The Baths of Caracalla or Thermae Antoninianae as they were known in ancient Rome are located on the Celian Hill which overlooks the Colosseum. The complex was commissioned by Emperor Septimus Severus in 206CE and was erected by his son Emperor Marcus Aurelius Severus Antoninus Augustus from 212CE until 216CE. Emperor Marcus Aurelius Severus Antoninus Augustus had the agnomen or nickname of Emperor Caracalla; this was due to an unusual cloak he was always seen wearing and is why the baths have the name they do. The baths were in use until the hydraulic installation was destroyed in the Gothic War of the 6th century.
The Baths of Caracalla were not just used for bathing, it was a multifunctional centre. Inside the precinct one could find Greek and Latin libraries, seminar rooms, art galleries, gardens, and a gymnasium among other things. The Baths of Caracalla were one of 50 or more baths in Ancient Rome, open to the public for little or no fee to use the facilities. A normal middle class Roman might use a bath once a day whereas an elite member of society may visit many times throughout the day.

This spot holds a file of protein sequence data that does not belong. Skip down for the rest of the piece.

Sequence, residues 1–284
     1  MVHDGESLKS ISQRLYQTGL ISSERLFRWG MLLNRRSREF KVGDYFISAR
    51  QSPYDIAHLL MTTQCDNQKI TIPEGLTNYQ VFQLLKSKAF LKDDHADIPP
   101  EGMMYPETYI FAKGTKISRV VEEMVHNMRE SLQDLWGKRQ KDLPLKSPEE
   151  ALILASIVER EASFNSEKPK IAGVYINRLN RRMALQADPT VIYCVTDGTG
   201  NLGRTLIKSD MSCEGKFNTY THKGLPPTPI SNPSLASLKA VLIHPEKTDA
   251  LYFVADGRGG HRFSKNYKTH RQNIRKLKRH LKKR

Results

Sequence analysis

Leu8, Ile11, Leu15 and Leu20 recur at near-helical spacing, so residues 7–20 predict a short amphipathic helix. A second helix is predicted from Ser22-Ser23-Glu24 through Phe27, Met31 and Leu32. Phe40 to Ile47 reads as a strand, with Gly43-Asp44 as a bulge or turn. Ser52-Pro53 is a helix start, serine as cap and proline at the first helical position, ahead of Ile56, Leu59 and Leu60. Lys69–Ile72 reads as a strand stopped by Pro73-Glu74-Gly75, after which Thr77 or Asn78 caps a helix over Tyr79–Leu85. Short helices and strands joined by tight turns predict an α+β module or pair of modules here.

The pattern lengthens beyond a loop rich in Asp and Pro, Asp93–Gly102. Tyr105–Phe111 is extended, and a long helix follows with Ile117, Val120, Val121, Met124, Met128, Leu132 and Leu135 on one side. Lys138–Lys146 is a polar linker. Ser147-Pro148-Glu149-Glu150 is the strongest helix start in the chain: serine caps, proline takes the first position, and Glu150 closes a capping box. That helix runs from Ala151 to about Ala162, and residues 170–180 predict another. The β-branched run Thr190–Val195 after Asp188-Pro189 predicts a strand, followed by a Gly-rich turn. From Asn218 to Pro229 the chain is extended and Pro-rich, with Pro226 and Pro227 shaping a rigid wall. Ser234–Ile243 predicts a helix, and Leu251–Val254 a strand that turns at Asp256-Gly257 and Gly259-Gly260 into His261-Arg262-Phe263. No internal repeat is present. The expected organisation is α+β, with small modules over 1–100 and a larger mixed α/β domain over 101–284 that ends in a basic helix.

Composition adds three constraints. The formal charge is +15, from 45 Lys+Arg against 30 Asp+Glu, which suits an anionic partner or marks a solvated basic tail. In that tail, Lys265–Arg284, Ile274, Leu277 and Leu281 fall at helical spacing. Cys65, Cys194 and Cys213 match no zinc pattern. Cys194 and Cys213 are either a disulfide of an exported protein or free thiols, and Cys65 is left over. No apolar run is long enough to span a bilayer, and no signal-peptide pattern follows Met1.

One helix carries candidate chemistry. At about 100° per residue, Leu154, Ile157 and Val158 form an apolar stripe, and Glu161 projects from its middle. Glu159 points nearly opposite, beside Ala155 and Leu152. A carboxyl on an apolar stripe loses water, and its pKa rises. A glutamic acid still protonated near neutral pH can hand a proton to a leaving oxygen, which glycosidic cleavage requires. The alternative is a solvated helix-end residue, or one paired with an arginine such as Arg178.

At the time of its completion, the Baths of Caracalla were the largest of their kind. The main bathing block was 228 meters long, 116 meters wide and 38.5 meters in height and the whole precinct was 412 meters long and 393 meters wide. In a time where commissions were a way of showing your strength and stature in the community, Emperor Caracalla exceeded what had ever been done before. The grandness was unparalleled, the calidarium, a very hot and steamy bath room (labeled D in picture above), is comparable in size to the Parthenon in Rome. The whole building was lavishly adorned with great pieces of artwork and 252 marble columns. It is estimated that 35,000 cubic meters of lime stone, 341,000 cubic meters of pozzolanic cement, 150,000 cubic meters of basalt, 520,000 large bricks, 17.5 million pieces of brick facing and 6,300 cubic meters of marble...
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